Designing With Texture: Using Textured Plaster Slabs to Incorporate Surface Detail into Pottery in the Design Stage
Today potter Dan Gegen explains how he begins working with texture
before the construction process even begins, and therefore makes it
integral to the design of the pot. He also shares the glaze recipe for the lovely celadon-esque glaze featured on the pot to the left.
In today’s video, Stephani gives some great tips on preparing extruded trim for architectural projects. Even if you don’t have an architectural project in your future, you’ll find some of these tips — like how she “sews” pieces together — quite handy in your regular studio work too.
In today’s post, an excerpt from the September 2011 issue of Ceramics Monthly, Ulrich Schumann talks about his path in ceramics, as well as how he makes his remarkable large-scale work.
Last Friday, I posted a video filmed at a Potters Council conference earlier this year. In the video, Tammy Marinuzzi demonstrated her handbuilding techniques for her figurative functional pottery. Today, I am sharing part two. In this segment, Tammy shows us how she makes the lids for her lidded jars, and how she adds life to the work by adding expressive eyes, noses, and mouths.
Since the mid-1970s, ceramic artist Peter King has been combining his experience in the building industry with his love for clay to make architectural works of art. Many of his projects involve columns like those shown to the left so Peter had to come up with a really great system for making tall, straight-walled cylindrical pieces. The best way Peter has found to do this is by wrapping slabs around cylindrical forms made of plywood and roofing flashing. Today, he explains this method, which allows him to make columns in virtually any height or diameter.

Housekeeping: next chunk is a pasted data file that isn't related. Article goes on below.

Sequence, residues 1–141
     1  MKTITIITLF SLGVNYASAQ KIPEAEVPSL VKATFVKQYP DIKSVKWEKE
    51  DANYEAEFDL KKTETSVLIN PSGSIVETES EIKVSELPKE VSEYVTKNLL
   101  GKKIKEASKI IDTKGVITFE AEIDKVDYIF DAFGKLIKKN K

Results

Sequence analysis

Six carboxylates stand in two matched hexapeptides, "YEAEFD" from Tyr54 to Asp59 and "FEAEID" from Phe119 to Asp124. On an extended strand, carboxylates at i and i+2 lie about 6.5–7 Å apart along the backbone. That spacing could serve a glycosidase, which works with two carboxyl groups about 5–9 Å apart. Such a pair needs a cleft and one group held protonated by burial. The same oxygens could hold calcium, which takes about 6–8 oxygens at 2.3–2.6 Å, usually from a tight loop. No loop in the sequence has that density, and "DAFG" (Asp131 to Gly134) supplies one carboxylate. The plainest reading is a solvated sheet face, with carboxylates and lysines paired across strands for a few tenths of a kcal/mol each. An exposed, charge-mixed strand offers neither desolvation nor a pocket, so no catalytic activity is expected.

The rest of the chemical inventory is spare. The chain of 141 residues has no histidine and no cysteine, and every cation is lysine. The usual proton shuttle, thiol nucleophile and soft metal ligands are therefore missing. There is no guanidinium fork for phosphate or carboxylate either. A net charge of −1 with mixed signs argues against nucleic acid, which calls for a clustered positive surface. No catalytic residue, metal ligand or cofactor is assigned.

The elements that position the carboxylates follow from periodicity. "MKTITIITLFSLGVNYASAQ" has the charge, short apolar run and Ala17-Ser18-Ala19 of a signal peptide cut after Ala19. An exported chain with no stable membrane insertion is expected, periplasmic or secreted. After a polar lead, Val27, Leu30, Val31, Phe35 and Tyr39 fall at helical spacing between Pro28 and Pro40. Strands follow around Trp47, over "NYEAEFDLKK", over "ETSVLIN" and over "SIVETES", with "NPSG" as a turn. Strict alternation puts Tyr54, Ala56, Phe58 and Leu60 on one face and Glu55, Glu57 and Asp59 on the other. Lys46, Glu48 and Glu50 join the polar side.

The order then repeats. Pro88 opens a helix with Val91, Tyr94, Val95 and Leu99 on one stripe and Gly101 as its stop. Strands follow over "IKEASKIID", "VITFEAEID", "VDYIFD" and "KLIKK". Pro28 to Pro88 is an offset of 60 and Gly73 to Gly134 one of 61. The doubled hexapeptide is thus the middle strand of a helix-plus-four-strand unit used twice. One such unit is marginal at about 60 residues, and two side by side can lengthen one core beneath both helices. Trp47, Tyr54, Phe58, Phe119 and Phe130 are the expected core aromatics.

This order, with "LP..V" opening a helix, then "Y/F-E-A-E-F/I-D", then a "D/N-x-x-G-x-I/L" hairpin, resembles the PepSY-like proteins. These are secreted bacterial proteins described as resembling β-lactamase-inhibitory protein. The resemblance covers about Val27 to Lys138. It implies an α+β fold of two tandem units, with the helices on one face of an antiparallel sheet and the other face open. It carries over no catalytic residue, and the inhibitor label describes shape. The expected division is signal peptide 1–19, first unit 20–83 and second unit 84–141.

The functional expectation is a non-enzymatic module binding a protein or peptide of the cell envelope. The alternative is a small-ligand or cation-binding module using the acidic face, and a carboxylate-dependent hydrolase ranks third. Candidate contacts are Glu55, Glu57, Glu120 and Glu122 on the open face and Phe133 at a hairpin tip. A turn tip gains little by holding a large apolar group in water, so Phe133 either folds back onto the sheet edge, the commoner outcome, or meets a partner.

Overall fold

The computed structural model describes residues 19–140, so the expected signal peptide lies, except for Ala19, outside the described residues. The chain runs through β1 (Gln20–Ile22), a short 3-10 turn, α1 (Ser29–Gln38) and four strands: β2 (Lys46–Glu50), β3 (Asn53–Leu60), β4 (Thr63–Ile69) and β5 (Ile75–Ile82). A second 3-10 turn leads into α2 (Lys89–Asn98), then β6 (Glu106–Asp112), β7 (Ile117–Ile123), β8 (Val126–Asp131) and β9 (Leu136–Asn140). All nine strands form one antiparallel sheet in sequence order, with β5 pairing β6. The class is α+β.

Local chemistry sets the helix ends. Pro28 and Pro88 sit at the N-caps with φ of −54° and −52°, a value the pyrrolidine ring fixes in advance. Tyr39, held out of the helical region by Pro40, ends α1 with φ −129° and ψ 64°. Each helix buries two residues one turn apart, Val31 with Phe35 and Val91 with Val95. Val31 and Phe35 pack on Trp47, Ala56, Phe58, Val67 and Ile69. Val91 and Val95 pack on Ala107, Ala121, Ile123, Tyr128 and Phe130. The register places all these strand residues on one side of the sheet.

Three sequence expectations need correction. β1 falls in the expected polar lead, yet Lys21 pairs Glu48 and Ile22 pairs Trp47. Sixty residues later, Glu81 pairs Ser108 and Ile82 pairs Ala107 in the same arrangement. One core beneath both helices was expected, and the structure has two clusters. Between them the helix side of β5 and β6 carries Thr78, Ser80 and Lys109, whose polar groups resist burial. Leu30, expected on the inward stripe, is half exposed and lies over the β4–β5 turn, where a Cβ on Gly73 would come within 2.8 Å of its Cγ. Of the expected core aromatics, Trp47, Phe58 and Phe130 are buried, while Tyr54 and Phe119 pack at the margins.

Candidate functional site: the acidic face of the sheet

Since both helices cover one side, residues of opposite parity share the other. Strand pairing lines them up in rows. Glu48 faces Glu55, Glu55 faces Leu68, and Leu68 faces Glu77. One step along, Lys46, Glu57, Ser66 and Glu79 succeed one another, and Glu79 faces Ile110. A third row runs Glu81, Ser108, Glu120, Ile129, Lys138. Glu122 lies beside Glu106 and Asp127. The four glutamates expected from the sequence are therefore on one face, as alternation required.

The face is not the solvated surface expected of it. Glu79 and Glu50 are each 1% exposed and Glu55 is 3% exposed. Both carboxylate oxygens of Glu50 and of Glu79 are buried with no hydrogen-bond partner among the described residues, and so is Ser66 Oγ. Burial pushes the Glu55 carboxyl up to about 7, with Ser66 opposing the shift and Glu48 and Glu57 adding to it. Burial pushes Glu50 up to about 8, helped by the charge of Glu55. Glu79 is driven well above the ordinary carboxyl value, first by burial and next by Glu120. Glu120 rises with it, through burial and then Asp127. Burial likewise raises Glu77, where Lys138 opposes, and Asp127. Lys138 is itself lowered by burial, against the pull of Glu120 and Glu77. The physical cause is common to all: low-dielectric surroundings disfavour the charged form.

I met Tammy Marinuzzi earlier this year at the Potters Council Surface + Form workshop and had the pleasure of watching her work (and I just happened to catch it on film!). I was so impressed by her relaxed way of working and how she lets these little creatures evolve as they are being formed rather than starting out with a set plan. There was so much good stuff in her process that I couldn’t quite condense it down to one video, so today I will show you part one. Tune in next week for part two!
I’m taking a long overdue day off today, readers. And I plan to spend it in the studio! But I didn’t want to leave you hanging, so I thought I would send out a bonus Monday pottery video. This video comes from CAD reader Patricia Bridges. In the video Patricia makes a slab and coil built pot, which is enhanced by paddled texture. She finishes off with a lovely glaze that enhances the texture. Enjoy and have a good Monday!
In an excerpt from his DVD Get a Handle on It, potter Tony Clennell shares his expert advice on handle pulling. Tony shows us that, with a little practice and patience, great-looking pulled handles are within any potter’s grasp. Watch the video!
I moved late last summer and, lucky for me, the previous owner of my house did a fantastic job planting perennials in our front yard. And because the previous homeowner did all of that landscaping, I now have time to make some home made planters to dress up the front porch. Well, not really, but I’d like to think I have the time. But, since I was thinking about planters, I thought I would share this little video in which Dennise Buckley demonstrates a simple soft slab flower pot. Maybe you’ll find time to make some this summer!
Lately, potter Tracy Gamble has been working on a series of ceramic Nichos (traditional Latin American folk art objects) and discovered that commercial sprig molds are perfect for embellishing them. In today’s post, Bill Jones explains Tracy’s process. I particularly thought of all the teachers out there when I saw this project not only because it is accessible and fun, but because of how nicely it could combine with a social studies or history lesson.